A Pictorial History of Downhill Skiing. by Stan Cohen. Here is a bountiful collection of photographs and illustrations, drawn from archives all over the United States, showing the history of downhill
skiing since 1850. Included are photos of what is perhaps the nation’s first ski lift, photos of 19th Century gold miners who schussed the slopes of the Sierra Mountains, ski fashion photos, photos from the 1930s and 1940s—the boom years of American skiing—as well as an unusual compilation of early 20th Century ski-jumping photos. More than 500 images are presented with a concise narrative outlining the history of the sport in America. 8 1/2" x 11", 256 pages, 500+ photos and drawings, full-color cover, 12 pages of color inside, $14.95. ISBN 978-0-933126558. Bird of Passage: The Story of My Life. by Otto Lang “ . . . vivid account of an interesting life, highly readable and very gentlemanly. Lang tells his story adeptly, almost gossip-free. That’s surely one reason that a dedicated ski instructor got as far in Hollywood as he did.” —Chris Goodrich, Book Review, Los Angeles Times. 6"x9", 380 pages, 96 photos. Paper, $19.95. ISBN 1-575100-26-6.                                                                                                                                                       


 Games of ’36: A Pictorial History of the 1936 Olympics in Germany. by Stan Cohen. This is a story about people and events that took place more than 70 years ago in Nazi Germany. It has all the elements of a great novel—power struggles, political intrigue, anti-Semitism, treachery, personal triumph and patriotism. It is the story of the 1936 Summer Olympic games held in Berlin and the 1936 Winter Olympics held in Garmisch-Partenkirchen. 8 1/2"x 11", 248 pages, over 300 photos, diagrams, newspaper clippings, 12 color pages, paperback, $19.95. ISBN 1-57510-009-6



’s Gold: The Story of Gretchen Fraser, America’s First Gold Medalist in Olympic Skiing. by Luanne Pfeifer. “Gretchen’s Gold rates a platinum. It’s fastidiously researched, historically au point, inspiring and fascinating throughout.” —Doug Pfeiffer, Vice President of the International Skiing History Association and the editor of Skiing Magazine from 1963 to 1976. 6"x9", 184 pages, 90 photos, hardcover, $19.95. ISBN 1-57510-019-3




 Even. by Dick Barrymore. It was the winter of 1969 in Sun Valley. Ski film maker Dick Barrymore had just tried a pair of skis from a new American company. He loved the way they performed and called the company suggesting he shoot a film with the skis as the star. The company agreed to sponsor the film—and pay Dick with a pair of the skis. The rest is history. Barrymore became a well-known movie producer. 6"x9", 344 pages, 60 photos, paperback, $15.95. ISBN 1-57510-037-1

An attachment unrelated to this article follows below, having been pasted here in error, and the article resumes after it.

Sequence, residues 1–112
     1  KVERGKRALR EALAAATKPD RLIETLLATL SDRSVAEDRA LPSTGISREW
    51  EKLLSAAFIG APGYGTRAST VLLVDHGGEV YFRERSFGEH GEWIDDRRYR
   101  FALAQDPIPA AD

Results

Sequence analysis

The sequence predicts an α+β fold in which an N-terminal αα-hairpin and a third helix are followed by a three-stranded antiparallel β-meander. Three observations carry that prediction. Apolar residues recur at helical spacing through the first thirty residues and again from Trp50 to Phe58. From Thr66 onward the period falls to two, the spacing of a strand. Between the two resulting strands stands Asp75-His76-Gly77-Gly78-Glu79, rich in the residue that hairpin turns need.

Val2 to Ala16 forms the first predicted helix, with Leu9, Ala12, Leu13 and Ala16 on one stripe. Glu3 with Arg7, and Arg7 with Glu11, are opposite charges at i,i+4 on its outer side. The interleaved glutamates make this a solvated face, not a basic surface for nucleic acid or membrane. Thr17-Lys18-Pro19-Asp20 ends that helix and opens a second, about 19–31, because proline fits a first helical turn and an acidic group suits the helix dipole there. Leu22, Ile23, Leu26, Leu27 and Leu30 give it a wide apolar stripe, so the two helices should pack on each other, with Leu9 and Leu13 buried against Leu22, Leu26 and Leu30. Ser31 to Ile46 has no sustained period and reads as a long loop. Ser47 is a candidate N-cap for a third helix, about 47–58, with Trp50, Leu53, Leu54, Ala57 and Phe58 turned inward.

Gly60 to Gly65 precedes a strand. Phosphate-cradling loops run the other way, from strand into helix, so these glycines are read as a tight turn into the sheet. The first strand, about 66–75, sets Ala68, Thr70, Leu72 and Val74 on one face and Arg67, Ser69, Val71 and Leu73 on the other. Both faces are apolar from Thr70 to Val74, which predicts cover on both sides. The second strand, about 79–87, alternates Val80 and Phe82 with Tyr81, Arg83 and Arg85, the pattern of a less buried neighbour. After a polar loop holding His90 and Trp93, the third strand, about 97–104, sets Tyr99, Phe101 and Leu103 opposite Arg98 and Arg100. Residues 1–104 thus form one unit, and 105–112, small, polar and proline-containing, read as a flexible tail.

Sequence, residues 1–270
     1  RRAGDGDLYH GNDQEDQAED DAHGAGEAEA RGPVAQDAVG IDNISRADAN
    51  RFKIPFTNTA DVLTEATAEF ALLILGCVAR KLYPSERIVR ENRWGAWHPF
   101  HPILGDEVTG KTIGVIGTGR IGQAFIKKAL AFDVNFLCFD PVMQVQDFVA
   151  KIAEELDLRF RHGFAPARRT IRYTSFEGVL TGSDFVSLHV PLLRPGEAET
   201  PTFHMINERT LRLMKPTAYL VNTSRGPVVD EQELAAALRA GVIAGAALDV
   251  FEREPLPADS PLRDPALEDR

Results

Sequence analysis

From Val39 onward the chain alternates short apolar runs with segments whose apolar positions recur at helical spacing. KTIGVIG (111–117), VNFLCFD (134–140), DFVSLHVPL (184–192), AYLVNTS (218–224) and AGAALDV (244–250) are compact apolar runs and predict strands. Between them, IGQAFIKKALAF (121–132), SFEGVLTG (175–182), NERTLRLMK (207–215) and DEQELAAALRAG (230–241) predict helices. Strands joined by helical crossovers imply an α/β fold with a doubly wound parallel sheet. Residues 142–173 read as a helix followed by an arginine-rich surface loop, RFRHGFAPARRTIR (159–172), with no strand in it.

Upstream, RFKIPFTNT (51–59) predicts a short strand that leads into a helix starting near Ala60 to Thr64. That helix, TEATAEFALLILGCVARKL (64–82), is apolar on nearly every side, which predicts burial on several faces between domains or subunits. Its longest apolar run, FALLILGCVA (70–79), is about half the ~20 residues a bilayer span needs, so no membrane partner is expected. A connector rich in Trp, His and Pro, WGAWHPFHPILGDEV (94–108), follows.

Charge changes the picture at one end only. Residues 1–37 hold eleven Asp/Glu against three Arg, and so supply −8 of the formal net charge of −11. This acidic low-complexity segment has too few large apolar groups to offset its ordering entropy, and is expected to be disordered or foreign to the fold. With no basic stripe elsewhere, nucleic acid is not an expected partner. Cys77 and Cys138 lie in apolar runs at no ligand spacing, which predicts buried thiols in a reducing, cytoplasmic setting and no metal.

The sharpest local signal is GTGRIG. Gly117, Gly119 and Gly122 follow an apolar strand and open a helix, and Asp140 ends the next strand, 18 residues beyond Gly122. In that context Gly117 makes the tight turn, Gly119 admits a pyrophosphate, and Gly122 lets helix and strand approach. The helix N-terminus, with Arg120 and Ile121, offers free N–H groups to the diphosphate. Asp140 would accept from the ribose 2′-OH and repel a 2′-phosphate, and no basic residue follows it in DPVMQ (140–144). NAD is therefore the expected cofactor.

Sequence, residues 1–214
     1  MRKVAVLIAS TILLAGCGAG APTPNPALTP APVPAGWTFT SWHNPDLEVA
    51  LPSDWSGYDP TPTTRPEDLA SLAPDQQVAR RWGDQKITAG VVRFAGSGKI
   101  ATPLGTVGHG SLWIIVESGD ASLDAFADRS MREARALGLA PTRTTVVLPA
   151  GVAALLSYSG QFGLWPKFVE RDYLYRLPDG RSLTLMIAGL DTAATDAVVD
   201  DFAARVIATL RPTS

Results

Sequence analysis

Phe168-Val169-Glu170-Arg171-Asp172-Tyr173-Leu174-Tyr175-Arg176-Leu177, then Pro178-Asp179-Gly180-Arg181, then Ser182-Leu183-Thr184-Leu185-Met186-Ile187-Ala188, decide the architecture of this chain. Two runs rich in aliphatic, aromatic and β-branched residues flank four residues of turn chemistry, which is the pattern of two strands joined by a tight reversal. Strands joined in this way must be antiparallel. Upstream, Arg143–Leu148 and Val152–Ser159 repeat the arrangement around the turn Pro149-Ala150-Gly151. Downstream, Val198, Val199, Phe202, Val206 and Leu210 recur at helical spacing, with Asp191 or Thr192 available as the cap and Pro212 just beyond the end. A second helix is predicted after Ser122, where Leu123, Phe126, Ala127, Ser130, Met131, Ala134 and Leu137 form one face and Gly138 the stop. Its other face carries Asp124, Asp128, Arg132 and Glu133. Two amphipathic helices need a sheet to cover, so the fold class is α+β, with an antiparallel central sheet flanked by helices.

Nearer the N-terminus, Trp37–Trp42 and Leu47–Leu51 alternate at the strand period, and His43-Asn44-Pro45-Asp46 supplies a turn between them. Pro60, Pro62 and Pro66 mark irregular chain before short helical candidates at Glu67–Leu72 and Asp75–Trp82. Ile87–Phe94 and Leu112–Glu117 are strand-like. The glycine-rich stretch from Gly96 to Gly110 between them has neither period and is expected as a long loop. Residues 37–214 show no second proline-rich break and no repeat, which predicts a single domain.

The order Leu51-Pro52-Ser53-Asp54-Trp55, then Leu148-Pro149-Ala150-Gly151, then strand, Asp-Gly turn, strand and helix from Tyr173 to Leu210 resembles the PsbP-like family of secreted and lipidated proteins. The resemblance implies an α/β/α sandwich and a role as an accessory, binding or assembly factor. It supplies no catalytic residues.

Winter Tree Finder: A Manual for Identifying Deciduous Trees in Winter, by May Theilgaard Watts and Tom Watts. Key to identifying deciduous trees in the winter (when they've lost their leaves) by examining twigs and other features. Describes parts of the twig and their function. Line drawings show twigs, buds, fruits, shape, habitat, and range of trees. Covers US and Canada east of the Rocky Mountains, except Florida. ISBN 0-912550-03-1. 64 pages. Order # NASG0998 paper $3.95


Yosemite: The Story Behind the Scenery. by William R. Jones, former Chief Naturalist of Yosemite National Park. Not a winter book but one written by Bill Jones, Ski Instructor.  Scenery, geology, history, plants and animals. Order # KCPU738 paper$11.95

Send orders to Bill Jones, 637 Blue Ridge Rd., Silverthorne, CO 80498. Add $3.50 per order (not per item) for shipping. Include your shipping address with check. Allow 3-4 weeks for delivery.






FREE VIDEO: “Get Schooled with the Pros at Vail Resorts”. By Warren Miller. Limited supply; will ship free--first asked, first served. Send ship-to address to Bill Jones; 637 Blue Ridge Rd., Silverthorne, CO 80498

 WALK-EZ: alpine ski boot walking accessory. The Walk-EZ Revolutions are clip-on attachments for the soles of ski boots that provide a safe, gripping surface and Rakuten: Residual value! WALK-EZ REVOLUTIONS( war Keyes revolution ...have a curved form which allows a skier to help eliminate a primary complaint that skiers have - walking in their boots. The product folds in half for storage. S (men’s 8-9.5) and XS (women’s 7-8.5). $20 shipped free. Check to Bill Jones; 637 Blue Ridge Rd., Silverthorne, CO 80498. Include ship-to address.